Bernard Madoff: The Ultimate Con Artist

Bernard Madoff: The Ultimate Con Artist

There's a sucker born every minute. -- P.T. Barnum.

I’ve been reading with some interest the downfall of the aptly named con man Bernard Madoff (pronounced “made-off” as in he made off with your money) in part because some friends and acquaintances become unwittingly involved a less sophisticated, Utah County ponzi scheme. Of course Madoff’s con is more stunning because of the amount of money he took ($50 billion) and the length of time it went on (decades).

A Wall Street Journal editorial on Madoff seems shocked that such a renowned man could pull such a con on the super rich. Writes The Journal:

Capitalism runs on trust, so inevitably there will be men like Bernard Madoff who attempt to steal from the trusting. His alleged $50 billion ponzi scheme is exceptional mainly for its size, the length of time he was able to run his con, and the affluent and sophisticated circles in which he operated. There is something especially shocking when a man held in high esteem turns out to be a thief.

A con man held in high esteem? Either The Wall Street Journal editorial writers are extremely naive or have never been suckered by a con man. There is no way Bernard Madoff could have pulled off what appears to be the largest con in history without being held in high esteem.

Capitalism isn’t the only thing that runs on trust. So do con men (and women). Trust is the con man’s ultimate tool. It’s impossible to pull off a con – especially one like Bernard Madoff’s apparently did, without gaining the trust of your victims.

Madoff moved in affluent, “sophisticated” circles because that’s was the only place to find loaded victims. They wouldn’t pay attention to him if he was simply some rube off the street. He had to act like one of the rich elite in order to continue the scam.

And from what I’ve read, it appears Madoff didn’t have to do much conning after his ponzi scheme got started. He’d simply hobnob with the rich and famous in Florida and New York and have his investors tell their friends about the fabulous returns (about 1% a month or 12% a year) they were constantly earning and show off the fancy cars they were driving and more people would be brought on board.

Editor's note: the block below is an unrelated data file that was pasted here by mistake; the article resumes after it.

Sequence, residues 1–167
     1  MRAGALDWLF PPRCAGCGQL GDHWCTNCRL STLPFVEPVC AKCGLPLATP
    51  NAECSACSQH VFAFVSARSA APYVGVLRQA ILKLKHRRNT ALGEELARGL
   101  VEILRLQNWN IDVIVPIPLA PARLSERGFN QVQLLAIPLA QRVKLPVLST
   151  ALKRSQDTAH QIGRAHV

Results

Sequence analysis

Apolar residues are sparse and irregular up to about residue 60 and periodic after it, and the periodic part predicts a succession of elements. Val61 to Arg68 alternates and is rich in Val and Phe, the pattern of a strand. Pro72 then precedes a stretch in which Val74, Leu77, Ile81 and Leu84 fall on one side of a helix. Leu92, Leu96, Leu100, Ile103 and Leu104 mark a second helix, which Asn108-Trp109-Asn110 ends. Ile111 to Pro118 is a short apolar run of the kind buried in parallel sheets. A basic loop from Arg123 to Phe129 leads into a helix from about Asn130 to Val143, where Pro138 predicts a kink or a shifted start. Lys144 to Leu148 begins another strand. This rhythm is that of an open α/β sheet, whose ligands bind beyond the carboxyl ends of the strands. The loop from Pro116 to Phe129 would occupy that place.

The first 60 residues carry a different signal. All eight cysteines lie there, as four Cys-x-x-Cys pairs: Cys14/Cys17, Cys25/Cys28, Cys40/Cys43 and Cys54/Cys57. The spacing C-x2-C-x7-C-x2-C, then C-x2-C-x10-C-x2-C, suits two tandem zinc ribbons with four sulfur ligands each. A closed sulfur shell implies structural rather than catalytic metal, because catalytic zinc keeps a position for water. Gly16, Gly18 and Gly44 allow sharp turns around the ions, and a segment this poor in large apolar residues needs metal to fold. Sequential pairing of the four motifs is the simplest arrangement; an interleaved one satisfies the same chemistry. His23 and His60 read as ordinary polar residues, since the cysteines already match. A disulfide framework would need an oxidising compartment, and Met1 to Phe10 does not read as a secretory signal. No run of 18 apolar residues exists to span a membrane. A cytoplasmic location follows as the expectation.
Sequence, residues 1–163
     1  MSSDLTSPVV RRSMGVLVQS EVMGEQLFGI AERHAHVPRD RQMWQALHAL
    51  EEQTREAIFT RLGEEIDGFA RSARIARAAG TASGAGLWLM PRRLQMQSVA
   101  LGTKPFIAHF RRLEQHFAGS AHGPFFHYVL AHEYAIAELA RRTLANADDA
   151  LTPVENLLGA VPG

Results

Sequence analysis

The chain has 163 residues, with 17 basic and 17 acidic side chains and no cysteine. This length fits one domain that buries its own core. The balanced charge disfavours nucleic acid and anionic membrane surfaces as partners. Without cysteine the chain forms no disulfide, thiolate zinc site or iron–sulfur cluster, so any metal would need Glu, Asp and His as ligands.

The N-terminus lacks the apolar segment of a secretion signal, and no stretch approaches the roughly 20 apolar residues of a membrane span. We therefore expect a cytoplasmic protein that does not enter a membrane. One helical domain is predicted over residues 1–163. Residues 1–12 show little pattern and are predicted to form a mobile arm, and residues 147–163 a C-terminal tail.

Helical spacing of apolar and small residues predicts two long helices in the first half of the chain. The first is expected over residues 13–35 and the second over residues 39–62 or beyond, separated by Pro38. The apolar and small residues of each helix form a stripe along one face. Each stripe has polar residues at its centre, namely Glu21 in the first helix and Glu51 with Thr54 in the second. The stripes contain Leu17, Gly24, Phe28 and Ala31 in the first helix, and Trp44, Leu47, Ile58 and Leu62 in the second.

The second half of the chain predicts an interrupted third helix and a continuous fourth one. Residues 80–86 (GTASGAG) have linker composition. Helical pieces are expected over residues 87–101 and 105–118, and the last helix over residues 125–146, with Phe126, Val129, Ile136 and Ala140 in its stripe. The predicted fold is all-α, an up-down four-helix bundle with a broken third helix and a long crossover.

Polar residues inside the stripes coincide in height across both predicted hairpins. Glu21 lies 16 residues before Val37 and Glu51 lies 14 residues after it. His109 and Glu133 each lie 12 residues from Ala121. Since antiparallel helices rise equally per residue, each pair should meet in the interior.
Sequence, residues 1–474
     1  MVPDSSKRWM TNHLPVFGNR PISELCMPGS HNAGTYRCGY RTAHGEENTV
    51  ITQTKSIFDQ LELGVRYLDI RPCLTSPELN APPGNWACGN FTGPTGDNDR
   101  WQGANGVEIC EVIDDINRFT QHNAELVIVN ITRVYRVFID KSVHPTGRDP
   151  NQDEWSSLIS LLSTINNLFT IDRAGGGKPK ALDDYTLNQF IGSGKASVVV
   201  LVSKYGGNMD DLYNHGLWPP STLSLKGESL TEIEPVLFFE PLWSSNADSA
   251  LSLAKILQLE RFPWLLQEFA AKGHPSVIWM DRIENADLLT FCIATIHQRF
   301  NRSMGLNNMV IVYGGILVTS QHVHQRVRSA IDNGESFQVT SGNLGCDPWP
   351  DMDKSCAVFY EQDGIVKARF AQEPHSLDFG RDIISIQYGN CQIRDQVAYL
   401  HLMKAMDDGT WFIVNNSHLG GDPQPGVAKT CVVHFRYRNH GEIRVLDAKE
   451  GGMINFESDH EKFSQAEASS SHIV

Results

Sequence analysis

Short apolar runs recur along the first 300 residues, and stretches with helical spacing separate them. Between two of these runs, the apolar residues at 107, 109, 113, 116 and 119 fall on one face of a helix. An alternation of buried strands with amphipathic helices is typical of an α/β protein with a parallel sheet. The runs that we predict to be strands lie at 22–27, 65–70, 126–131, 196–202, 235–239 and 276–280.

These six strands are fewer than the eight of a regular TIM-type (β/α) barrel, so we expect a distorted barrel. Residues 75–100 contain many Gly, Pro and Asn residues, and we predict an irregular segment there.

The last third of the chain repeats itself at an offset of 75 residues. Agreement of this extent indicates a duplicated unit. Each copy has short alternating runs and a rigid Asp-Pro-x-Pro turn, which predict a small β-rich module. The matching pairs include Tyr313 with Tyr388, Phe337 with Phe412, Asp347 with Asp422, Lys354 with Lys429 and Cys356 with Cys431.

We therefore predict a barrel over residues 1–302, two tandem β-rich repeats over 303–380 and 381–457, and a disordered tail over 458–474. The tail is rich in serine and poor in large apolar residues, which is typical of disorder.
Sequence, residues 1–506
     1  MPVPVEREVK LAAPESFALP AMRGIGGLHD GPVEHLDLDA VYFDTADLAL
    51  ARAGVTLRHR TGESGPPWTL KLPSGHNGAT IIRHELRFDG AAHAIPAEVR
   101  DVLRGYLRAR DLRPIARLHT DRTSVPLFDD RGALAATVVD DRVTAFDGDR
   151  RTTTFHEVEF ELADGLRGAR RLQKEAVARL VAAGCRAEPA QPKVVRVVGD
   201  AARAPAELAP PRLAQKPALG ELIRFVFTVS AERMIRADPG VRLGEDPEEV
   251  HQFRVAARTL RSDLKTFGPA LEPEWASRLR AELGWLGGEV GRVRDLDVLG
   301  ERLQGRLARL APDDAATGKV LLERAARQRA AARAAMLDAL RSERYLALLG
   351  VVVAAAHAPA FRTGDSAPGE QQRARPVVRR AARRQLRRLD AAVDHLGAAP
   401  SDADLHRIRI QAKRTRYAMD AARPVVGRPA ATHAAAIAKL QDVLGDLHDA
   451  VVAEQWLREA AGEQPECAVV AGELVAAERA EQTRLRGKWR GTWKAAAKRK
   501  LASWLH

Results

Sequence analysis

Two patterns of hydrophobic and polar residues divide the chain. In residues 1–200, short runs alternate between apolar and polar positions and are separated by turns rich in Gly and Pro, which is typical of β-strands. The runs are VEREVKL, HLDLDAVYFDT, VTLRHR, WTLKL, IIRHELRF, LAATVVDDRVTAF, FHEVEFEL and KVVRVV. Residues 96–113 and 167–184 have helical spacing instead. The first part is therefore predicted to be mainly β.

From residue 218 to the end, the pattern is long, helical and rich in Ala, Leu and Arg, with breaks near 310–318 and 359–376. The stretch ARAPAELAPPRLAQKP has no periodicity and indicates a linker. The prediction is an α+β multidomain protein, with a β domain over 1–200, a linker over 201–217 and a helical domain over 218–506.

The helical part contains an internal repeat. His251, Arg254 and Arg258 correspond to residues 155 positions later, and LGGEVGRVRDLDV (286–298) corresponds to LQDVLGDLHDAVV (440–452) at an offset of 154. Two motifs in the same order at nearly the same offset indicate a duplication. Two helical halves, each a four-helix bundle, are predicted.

To his credit, Madoff appears to have played his part to perfection by acting hesitant to take on new clients when a friend of a friend would approach him and ask if he or she could invest with him. Con men never act like it’s about the money. Instead they misdirect you into thinking they’re not interested or that they have your best interests at heart.

And just because you’re rich doesn’t mean you can’t be conned. The vaster your wealth, the bigger mark you are. One of the biggest cons of the 19th century involved Phillip Arnold and John Slack involved disguising a worthless piece of land as a diamond mind and, as a result ripping off U.S financier Asbury Harpending, Bank of California owner William Ralston and other “sophisticated” investors. (You can read a brief write up on their scam here. For a more in-depth look at the scam, see Law 21 in Robert Greene's The 48 Laws of Power)

Bernard Madoff proved that you’re never educated, sophisticated, or rich enough to avoid being conned. All he did was follow the age old tricks of playing to the victim’s fantasies and greed then gain their trust.

Bernard Madoff just did it better than most. The result was a scam that netted more money and lasted longer than other ponzi scheme and left a trail of lies, deceit, and broken dreams in its wake.